potluck

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When I think back on the weddings I’ve attended, though all of them have been joyous affairs, one simple celebration sparkles in my memory, all covered with love and joy and fairy dust. JE & JO spent very little time on the frills that we so often associate with weddings. They decided to get married, and then they got married.

Like, two weeks later.

I was moving at the time, and in those days before ubiquitious cell-phones and email, I was hard to contact. When JE tracked me down, she invited me over the phone, gasping it out in one excited, scantly punctuated sentence. “Can you come down Saturday after next I know it’s short notice we’re getting married I’m not pregnant!” I laughed and told her I wouldn’t miss it.

I arrived at their home and followed the festive signs to their backyard gate. The yard was framed with potted trees and flowering shrubs. An aisle, marked out with smaller plants, led the eye to the open space under their majestic pear tree.

JO wore comfortable shoes, a fancy new tie, and a ready, open grin. JE glowed and giggled, and floated around the garden in a simple white chemise. She hugged me and whispered two secrets into my ear: she’d found the dress on a sale rack for less than a pair of movie tickets, and she was wearing two round Band-Aids under (ahem) the dress, for modesty’s sake.

Fewer than forty people were present at this wedding; the couple invited a tiny core of good friends to celebrate with family. About ten of the guests were under the age of eight. There was laughter and chasing and tickling, and the bride was responsible for much of it.

After the ceremony, we went inside the house, where the first floor had been cleared of the usual furniture. The clerestory dining room was completely empty, with stereo speakers peeping in from upstairs, blaring out jazz and popular children’s tunes and Rosemary Clooney and classical guitar. We danced. Oh, we danced. Everyone got a chance to dance with the bride, with the groom, with the kids.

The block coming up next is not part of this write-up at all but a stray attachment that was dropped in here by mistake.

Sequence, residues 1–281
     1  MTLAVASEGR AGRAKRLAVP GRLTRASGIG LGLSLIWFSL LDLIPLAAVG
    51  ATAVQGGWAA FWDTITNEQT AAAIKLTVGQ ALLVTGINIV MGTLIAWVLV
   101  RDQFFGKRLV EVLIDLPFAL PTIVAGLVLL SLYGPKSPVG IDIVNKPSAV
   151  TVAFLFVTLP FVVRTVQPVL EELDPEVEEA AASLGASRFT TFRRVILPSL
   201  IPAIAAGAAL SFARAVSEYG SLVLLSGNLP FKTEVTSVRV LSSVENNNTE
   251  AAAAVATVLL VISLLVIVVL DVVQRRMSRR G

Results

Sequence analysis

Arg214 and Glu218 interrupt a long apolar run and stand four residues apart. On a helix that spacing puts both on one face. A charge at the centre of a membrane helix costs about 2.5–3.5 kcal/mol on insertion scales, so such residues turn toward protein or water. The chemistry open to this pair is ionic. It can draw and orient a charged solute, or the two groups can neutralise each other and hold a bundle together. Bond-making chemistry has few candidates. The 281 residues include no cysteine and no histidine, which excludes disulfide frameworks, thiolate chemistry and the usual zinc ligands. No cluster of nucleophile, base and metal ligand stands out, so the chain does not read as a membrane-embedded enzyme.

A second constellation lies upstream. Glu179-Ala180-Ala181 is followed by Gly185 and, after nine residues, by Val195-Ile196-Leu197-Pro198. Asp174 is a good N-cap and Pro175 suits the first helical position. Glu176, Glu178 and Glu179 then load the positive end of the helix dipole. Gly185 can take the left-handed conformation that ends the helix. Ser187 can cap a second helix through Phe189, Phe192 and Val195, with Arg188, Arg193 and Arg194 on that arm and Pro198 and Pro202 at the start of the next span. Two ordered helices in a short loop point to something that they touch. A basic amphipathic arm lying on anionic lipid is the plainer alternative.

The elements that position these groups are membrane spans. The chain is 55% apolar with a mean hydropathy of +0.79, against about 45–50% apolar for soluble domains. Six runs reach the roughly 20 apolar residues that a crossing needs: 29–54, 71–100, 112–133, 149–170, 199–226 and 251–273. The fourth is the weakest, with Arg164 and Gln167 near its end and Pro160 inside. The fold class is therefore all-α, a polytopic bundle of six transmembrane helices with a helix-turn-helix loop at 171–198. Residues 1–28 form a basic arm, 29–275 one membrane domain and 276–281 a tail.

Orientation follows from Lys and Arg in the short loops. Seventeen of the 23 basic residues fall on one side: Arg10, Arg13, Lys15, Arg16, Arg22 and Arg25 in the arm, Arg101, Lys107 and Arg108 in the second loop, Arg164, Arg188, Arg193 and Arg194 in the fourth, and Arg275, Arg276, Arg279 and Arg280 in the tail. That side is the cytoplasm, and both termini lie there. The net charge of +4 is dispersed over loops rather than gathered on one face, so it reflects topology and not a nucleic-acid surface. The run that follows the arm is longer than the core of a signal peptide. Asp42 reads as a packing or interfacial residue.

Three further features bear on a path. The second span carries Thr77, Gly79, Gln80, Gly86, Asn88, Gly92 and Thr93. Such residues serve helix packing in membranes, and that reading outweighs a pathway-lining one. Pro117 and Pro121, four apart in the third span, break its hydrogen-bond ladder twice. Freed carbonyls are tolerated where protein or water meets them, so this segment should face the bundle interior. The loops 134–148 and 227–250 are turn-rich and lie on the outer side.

In the living room and study, chairs lined up around the walls, and the few tables were laden with food. Gorgeous food, lush and lavish food, spectacularly prepared platters of shrimps and tomato salad and bruschetta and greens and breads.

The most formally set table delighted me the most. On a pressed linen cloth overlaid with lace was: an ornate silver platter paved with PB&J sandwiches, cut into flowers and circles and wrapped in colorful cellophane; a silver punchbowl full to the brim with Goldfish crackers; an elegant pitcher holding shimmery pinwheels; and a basket of Mad Libs booklets and bottles of bubble-blowing goo. The table was low, for easy grabbing by little hands.

As the food was refreshed, I clued in: it was a potluck. Because I was between apartments and traveling to the wedding, they hadn’t asked me to pitch in, but JE and JO had asked some friends and family to bring their particular specialties to be a part of the wedding buffet. The contributors beamed with pride as they received well-deserved compliments.

As the wedding wound to a close, I noticed some of the guests picking up their potted plants and trees from the backyard before they left, or their chairs, or their coolers. The happy couple had asked their non-cooking friends to bring other elements instead. Almost every guest had contributed something of themselves to the simple beauty of this wedding.

As the bride (and no one else present) knew, I was in the midst of a sad breakup that weekend, and feeling lost and lonely. This wedding refreshed me and raised me up, reminded me of the abundant love that good friends share.

I carried the joy and generosity of this wedding with me for a long time. I carry it still.

I’ve thought of JE & JO’s wedding often as The Fella and I plan our own wedding. Though we’re following a different path than JE & JO, I hope we’ll arrive at the same place: a party, not a pageant. A place for love and giggling and games. An occasion for sharing our joy.

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